Arizona police allegedly looked on as a homeless man drowned and refused to help him

Tempe, AZ – Three officers with the Tempe police have been placed on non-disciplinary administrative paid leave after they allegedly did nothing to help a homeless man who drowned in a lake. The police department has since released the edited body camera footage which shows 34-year-old Sean Bickings begging officers to help as he was drowning. 

The incident unfolded on May 28 when officers responded to a report about an argument between Bickings and his wife, who resided outside the Tempe Center For The Arts. When cops arrived at the scene, they approached the couple who denied having a physical argument, according to CBS News. But they claim Bickings jumped into the man-made lake in an attempt to evade them after they found three outstanding warrants during a background check. 

Bickings said he was going “for a swim” even as cops informed him that swimming was not allowed in the lake. Despite being instructed to get back, Bickings reportedly swam away and it was the last time he was seen alive on the 11-minute edited video. Orionya Jensen, who was once homeless, and knew Bickings for years, said, “That’s all I can describe it as —  it was devastating.”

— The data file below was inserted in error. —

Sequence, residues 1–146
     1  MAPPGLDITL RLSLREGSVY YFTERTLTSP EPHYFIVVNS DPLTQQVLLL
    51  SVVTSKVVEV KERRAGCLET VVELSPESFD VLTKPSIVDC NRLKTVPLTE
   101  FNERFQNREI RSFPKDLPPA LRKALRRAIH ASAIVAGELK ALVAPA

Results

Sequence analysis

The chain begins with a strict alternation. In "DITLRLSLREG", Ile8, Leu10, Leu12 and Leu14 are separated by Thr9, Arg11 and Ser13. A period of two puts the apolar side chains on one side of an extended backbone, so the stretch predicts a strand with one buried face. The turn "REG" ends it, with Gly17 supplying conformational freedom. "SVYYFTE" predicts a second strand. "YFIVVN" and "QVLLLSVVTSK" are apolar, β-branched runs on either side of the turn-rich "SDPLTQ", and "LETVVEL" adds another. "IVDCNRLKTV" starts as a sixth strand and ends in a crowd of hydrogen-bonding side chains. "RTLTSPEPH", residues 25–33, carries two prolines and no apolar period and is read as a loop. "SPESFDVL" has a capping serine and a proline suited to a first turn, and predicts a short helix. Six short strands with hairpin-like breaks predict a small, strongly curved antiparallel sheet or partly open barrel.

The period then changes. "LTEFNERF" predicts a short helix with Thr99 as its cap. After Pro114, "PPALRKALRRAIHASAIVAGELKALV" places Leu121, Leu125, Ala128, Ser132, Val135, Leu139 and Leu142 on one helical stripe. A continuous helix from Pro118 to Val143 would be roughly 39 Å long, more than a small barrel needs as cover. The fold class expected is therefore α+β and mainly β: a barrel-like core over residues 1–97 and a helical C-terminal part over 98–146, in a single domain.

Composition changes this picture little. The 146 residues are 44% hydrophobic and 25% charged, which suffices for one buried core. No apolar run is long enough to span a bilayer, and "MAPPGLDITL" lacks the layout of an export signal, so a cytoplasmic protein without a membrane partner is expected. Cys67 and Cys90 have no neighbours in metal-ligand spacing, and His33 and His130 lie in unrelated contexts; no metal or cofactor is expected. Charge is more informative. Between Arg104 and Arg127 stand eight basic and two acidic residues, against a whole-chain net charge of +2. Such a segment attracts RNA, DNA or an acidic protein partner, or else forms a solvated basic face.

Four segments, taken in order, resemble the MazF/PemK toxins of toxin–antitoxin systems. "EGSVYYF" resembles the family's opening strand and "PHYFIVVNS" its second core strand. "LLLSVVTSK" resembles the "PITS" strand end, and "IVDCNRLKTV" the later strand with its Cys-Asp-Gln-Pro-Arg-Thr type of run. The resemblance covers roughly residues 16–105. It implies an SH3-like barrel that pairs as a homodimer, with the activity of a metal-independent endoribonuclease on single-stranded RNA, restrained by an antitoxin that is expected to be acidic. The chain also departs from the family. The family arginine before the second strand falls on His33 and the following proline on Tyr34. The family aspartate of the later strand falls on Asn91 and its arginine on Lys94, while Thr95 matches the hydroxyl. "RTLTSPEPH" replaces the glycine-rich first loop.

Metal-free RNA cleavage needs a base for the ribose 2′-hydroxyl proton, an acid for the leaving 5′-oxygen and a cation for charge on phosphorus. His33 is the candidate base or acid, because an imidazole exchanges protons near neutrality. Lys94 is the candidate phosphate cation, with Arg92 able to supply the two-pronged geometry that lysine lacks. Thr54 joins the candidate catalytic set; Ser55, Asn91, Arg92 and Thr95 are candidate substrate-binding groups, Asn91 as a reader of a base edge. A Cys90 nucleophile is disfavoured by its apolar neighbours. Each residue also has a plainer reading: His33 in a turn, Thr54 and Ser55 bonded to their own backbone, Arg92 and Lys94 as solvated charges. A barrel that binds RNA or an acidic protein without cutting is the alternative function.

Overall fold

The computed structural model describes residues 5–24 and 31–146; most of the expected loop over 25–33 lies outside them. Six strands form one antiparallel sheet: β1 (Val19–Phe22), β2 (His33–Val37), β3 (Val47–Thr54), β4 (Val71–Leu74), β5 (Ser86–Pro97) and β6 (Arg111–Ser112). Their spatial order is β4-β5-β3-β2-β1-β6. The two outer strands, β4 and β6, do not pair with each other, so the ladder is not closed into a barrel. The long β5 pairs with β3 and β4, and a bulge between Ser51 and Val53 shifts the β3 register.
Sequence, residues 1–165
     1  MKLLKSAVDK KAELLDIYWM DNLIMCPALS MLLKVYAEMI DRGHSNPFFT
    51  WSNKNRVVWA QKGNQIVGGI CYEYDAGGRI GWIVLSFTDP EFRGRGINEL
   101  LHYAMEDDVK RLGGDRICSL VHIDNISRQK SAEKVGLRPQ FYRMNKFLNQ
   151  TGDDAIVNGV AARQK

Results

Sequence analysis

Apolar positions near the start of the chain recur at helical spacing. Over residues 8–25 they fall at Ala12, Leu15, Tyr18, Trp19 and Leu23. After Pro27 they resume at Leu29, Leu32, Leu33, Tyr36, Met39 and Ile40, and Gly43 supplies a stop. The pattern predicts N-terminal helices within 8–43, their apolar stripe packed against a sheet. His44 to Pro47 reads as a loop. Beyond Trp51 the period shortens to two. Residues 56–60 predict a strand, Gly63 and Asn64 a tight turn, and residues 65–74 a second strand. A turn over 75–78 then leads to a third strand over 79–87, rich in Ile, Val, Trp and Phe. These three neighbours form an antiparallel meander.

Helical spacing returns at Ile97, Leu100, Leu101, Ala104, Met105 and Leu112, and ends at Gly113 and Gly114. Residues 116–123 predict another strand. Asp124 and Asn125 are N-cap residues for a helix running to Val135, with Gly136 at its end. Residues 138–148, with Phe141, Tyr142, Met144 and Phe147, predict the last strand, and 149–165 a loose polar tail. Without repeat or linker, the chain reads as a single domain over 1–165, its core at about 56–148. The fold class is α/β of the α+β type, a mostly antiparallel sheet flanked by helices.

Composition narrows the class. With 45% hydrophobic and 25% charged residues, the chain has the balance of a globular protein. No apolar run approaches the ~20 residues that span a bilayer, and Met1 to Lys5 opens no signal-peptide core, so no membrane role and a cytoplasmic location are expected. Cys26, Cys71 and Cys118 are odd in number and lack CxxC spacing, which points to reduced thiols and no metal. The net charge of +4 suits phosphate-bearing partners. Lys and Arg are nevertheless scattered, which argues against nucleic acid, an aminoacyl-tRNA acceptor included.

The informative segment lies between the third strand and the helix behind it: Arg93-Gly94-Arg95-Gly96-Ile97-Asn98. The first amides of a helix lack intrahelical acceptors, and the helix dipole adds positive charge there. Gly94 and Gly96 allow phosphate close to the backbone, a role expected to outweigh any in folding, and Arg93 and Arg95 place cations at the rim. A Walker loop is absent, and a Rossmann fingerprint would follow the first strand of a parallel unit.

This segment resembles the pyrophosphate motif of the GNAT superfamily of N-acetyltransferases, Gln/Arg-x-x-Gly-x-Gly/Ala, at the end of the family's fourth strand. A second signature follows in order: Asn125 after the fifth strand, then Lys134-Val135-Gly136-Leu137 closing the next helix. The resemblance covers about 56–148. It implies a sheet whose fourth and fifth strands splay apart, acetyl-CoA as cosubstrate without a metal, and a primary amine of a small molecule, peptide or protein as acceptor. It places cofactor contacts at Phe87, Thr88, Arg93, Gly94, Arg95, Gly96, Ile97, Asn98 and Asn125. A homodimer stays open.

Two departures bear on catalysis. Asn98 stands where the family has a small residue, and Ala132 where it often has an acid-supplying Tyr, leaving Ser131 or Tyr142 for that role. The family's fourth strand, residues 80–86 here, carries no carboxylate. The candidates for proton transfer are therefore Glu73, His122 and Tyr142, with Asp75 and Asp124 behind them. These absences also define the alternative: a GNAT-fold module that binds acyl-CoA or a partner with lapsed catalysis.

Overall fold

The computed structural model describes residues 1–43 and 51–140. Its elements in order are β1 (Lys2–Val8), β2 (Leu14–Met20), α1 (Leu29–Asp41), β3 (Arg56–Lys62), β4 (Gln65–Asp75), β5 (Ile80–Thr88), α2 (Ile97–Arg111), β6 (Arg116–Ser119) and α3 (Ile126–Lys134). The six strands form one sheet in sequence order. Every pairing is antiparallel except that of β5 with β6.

Per reports, a transcript from the redacted footage revealed Bickings’ last words to be “I’m drowning, I’m drowning.” At that point, an officer did guide him to a pylon but the 34-year-old claimed that he could not make it back. To this, the officer responded, “OK. I’m not jumping in after you” as his wife yelled, “He’s drowning right in front of you and you won’t help.”

“To hear of someone standing there while his wife screams in the background to ‘save my husband, I don’t have anything without him’ — it’s despicable,” shared Jensen. Meanwhile, the Tempe Officers Association released a statement noting that the officers at the scene did not have any training in water rescues or equipment that would assist in the same. Thus, if they chose to go after Bickings to save him, they would have put themselves at risk of drowning. 

Instead, the officers called a police boat which was considered the right protocol by the association. It was also noted that the cops at the scene could not detain Bickings as he and his wife denied having a physical fight.

Local attorney Benjamin Taylor, who isn’t involved in the case, weighed in. “Here is a failure to serve and protect. The fact that they failed to render aid as he was dying, he was pleading for help, that definitely makes Tempe liable for this man’s death,” said Taylor. Per the transcript, a person identified as a witness attempted to jump into the lake to rescue Bickings, who unfortunately did not resurface. 

Later, a city fire department rescue team recovered the man’s body and pronounced him dead. The Arizona Department of Public Safety has been asked by Tempe officials to investigate the officers’ response to the drowning. 

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